New Zealand-headquartered engineering lab reinvents the roller coaster for zip line-level thrills
How did you stop a zip line the old fashioned way? However you could, sometimes with a mattress tied to a nearby tree trunk.
This method (and others like it) did not sit well with the team at Holmes Solutions, the innovation arm of global engineering powerhouse Holmes Group. Based on a half-century of dedication to perfection in everything from construction to fire and seismic safety, Holmes Group is comprised of hundreds of employees, dozens of offices, and several highly focused companies around the globe. Among them, Holmes Solutions was the team that got to do some of the fun part of engineering: breaking things, then figuring out how to keep them from breaking–ultimately developing new innovations that have disrupted industries with new products that enhance people’s lives and ensure their safety.
They crashed trucks into roadside barriers. They created a testing procedure for a NASA lunar lander. They tested jetpacks. They destroyed rebar, and in some cases, entire buildings. They were familiar enough with pushing the limits of technology in search of better engineering ideas, that they ultimately made a business out of it.
“Historically, Holmes Solutions has worked in the background, developing and testing new innovations for other companies and organizations, as a secret weapon of sorts,” explains Chris Allington, CEO of Holmes Solutions. “Our recent work in the adventure recreation industry has required us to step out of the shadows and take credit for the work we have done. We don’t always get an opportunity to do that as many of our projects and partners aren’t ones we’re at liberty to discuss. It’s a bit like, on the outside, we’re just a chocolate factory, but inside it’s pretty Willy Wonka.”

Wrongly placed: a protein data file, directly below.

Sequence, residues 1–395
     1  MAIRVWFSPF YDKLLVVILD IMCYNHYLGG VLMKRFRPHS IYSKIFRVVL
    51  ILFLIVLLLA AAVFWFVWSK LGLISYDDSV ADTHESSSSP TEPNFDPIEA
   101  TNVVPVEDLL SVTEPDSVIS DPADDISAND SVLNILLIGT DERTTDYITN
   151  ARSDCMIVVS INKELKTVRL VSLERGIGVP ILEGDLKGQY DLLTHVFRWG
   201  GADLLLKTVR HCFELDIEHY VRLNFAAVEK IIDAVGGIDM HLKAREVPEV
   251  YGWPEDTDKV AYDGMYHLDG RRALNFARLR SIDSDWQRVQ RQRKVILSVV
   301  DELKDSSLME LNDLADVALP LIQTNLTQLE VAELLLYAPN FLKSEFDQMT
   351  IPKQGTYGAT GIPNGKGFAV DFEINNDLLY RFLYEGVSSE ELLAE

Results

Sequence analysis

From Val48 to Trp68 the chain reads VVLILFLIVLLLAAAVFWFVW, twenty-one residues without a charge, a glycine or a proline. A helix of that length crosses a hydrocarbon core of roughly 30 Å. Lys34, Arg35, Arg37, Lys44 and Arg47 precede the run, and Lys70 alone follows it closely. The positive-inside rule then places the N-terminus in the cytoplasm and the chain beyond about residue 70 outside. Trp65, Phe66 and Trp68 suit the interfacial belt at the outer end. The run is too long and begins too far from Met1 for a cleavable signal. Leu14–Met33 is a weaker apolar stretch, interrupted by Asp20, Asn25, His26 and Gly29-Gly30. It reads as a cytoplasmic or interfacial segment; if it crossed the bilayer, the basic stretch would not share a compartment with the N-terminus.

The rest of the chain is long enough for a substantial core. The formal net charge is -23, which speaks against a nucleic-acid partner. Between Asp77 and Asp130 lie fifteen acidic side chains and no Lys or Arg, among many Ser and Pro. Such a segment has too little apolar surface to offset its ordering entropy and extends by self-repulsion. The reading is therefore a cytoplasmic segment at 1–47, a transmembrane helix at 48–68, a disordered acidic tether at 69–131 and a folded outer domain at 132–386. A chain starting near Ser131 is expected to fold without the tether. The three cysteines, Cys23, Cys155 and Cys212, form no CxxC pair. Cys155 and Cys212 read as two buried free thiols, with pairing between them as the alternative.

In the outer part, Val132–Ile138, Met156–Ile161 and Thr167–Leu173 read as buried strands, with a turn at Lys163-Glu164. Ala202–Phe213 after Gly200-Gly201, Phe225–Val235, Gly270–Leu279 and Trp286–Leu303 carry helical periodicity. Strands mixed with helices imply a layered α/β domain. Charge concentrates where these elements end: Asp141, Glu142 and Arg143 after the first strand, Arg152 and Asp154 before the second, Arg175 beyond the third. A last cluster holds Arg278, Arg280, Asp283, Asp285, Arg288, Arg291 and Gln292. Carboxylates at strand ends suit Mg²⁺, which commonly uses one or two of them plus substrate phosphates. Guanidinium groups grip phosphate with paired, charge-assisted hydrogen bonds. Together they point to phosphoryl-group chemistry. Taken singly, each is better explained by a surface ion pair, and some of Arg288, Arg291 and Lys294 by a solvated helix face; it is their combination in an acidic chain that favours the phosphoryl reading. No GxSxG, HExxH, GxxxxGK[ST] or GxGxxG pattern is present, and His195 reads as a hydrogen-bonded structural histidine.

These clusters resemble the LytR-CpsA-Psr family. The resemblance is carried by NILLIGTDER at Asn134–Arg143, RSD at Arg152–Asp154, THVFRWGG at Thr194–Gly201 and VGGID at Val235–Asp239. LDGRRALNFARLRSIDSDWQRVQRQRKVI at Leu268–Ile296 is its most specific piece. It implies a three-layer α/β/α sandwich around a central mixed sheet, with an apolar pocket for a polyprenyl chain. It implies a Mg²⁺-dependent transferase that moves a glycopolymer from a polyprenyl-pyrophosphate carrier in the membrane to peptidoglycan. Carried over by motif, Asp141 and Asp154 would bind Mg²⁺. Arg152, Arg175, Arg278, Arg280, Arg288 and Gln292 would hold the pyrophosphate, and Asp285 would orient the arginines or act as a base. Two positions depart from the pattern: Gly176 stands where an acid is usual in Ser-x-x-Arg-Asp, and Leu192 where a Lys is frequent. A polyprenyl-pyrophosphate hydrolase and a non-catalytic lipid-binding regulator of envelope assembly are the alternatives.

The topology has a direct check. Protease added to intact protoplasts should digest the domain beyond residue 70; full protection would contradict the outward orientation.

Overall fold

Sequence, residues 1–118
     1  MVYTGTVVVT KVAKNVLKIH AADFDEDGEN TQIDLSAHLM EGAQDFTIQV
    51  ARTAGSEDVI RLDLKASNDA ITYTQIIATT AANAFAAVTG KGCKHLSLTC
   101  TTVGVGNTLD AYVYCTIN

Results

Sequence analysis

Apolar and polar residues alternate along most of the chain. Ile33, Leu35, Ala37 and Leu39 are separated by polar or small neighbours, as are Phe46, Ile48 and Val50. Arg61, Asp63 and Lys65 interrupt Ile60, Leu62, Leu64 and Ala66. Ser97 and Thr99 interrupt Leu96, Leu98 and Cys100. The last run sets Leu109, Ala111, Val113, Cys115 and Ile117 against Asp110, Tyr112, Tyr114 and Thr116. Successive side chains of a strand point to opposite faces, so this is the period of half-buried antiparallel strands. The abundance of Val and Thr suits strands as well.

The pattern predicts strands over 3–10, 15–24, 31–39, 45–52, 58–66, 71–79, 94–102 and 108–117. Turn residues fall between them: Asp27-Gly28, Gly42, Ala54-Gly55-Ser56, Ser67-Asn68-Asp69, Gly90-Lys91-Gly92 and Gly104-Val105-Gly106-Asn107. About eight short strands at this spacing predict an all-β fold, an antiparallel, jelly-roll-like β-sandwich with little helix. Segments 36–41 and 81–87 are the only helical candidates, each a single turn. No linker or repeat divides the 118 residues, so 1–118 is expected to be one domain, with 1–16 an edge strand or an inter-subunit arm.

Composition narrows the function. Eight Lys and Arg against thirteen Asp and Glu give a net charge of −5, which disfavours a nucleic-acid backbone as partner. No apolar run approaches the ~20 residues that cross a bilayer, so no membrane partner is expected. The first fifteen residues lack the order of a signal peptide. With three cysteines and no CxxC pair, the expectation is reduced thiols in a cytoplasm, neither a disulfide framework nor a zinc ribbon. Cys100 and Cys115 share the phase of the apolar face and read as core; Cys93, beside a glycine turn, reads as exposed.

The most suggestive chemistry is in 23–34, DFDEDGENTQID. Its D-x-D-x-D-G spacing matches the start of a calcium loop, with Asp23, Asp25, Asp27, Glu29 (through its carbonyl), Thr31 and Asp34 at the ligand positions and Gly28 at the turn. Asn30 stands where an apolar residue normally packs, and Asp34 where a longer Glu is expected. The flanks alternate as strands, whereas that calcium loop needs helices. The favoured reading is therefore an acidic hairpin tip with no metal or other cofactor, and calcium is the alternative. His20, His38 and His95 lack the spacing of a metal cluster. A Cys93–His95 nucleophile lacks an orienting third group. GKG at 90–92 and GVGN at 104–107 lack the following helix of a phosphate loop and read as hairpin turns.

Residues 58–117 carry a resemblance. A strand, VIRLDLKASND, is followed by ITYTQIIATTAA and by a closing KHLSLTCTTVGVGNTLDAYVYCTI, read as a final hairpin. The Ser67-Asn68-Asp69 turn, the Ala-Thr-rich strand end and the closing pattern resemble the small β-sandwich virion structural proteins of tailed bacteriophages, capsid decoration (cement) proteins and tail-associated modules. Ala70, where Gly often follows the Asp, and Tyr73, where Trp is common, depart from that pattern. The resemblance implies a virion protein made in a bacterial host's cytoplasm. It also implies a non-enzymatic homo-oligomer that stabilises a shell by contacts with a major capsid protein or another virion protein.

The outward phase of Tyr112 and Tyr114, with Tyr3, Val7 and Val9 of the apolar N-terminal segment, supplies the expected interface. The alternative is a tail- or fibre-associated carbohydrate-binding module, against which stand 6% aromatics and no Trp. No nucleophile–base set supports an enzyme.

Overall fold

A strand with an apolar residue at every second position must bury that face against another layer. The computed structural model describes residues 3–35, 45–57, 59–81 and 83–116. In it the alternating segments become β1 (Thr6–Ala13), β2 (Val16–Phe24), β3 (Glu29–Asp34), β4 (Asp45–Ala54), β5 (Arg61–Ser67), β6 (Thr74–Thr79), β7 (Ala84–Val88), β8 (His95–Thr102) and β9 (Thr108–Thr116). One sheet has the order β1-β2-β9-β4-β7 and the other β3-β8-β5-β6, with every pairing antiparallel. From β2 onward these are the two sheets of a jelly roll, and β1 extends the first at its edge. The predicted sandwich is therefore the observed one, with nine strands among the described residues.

Their previous work tackled some of the craziest ideas in adventure recreation–making them a whole lot safer while amplifying the excitement. Holmes Solutions leapt into the uncharted territory of outdoor adventure, where the desire for safety has always done a delicate dance with the urge to push boundaries and get the heart pounding. One of the best examples: Climbing gym patrons and how to belay them safely. “We had been looking at what was being done in the market in terms of belay and arrest devices and other safety features, and we saw a lot of opportunities for innovation,” says Allington.
They addressed the problem head on. The secret to constant safety in a rock climbing gym situation or similar adventurous activities, the lab discovered, was the unusual science between rare earth magnets and their interaction with aluminum. Harnessing a unique braking force between magnets and aluminum took some doing but meant there was no friction on moving parts that could fail due to wear and that devices could adjust for a variety of ranges of motion. They could stop someone sailing across a gap in the trees or falling down a climbing wall. You’ll now find Holmes Solutions’ design baked into the devices at almost every climbing gym across the US and the world.
To really highlight the power, fun, and safety of their designs, Holmes Solutions designed what is modestly called The Nevis Catapult, a bungee-like device that launches thrill seekers from zero to 60 miles per hour across a chasm of a valley in New Zealand. (Not for the faint of heart.) And most recently, Holmes Solutions unveiled The Flying Ox in Pigeon Forge, TN, the world’s first cable-to-rail roller coaster. The hybrid design allows for the delight of flying down a zipline to merge with rail for the looping helixes and twists of a cool coaster, all kept to reasonable (but fun) speeds thanks to Holmes Solutions’ proprietary designs.
“We use rigorous engineering methods behind our design thinking in creating these systems.” explains Andrew Diehl, Technical Director of Holmes Solutions. “A heck of a lot of computer modelling and physical testing goes into our evidence based design approach. We may be somewhat fresh to the adventure recreation industry, but we quickly realized our approach to engineering brought a much needed safety focus to the industry. That’s our bottom line in the adventure recreation space, really – keeping people safe while they experience the fun, crazy stuff. It allows us to achieve results that were previously considered impossible.”